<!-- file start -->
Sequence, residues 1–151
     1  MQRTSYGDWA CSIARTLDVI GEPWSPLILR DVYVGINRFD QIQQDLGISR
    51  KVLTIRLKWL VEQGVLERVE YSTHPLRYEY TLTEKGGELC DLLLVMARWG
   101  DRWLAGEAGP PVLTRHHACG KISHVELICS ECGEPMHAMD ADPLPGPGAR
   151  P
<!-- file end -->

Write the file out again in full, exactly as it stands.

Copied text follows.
Sequence, residues 1–151
     1  MQRTSYGDWA CSIARTLDVI GEPWSPLILR DVYVGINRFD QIQQDLGISR
    51  KVLTIRLKWL VEQGVLERVE YSTHPLRYEY TLTEKGGELC DLLLVMARWG
   101  DRWLAGEAGP PVLTRHHACG KISHVELICS ECGEPMHAMD ADPLPGPGAR
   151  P